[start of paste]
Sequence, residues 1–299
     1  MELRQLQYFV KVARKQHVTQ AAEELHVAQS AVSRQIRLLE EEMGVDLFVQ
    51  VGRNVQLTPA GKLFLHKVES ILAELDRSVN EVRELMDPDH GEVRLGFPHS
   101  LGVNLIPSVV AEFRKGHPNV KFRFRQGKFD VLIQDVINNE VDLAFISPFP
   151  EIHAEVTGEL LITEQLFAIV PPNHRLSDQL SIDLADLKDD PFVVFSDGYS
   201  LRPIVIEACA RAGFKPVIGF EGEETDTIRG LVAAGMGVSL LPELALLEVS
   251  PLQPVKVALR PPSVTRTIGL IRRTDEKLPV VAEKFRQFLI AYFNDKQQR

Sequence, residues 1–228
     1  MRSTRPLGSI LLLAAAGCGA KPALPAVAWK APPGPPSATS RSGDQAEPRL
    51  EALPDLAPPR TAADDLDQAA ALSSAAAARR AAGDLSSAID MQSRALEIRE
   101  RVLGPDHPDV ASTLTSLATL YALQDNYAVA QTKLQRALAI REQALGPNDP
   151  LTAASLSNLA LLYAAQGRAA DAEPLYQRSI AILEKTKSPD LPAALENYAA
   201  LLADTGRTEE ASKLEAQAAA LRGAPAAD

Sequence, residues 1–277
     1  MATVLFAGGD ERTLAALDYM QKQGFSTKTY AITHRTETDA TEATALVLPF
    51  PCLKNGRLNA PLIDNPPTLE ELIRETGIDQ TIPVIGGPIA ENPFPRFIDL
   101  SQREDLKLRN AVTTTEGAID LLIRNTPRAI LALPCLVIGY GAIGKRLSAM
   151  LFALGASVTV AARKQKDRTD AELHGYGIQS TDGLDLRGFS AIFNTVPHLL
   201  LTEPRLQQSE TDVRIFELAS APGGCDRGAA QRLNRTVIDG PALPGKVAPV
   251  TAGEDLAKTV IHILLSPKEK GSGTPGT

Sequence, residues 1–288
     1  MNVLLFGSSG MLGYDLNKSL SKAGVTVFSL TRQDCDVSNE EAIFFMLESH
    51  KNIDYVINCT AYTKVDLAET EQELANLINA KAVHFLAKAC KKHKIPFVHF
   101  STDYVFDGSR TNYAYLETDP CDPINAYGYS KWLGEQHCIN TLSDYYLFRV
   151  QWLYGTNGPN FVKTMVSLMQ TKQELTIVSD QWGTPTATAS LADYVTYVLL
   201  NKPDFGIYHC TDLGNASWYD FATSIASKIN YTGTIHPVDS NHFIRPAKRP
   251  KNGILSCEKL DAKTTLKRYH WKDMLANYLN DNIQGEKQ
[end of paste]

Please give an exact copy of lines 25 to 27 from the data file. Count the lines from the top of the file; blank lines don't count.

   151  QWLYGTNGPN FVKTMVSLMQ TKQELTIVSD QWGTPTATAS LADYVTYVLL
   201  NKPDFGIYHC TDLGNASWYD FATSIASKIN YTGTIHPVDS NHFIRPAKRP
   251  KNGILSCEKL DAKTTLKRYH WKDMLANYLN DNIQGEKQ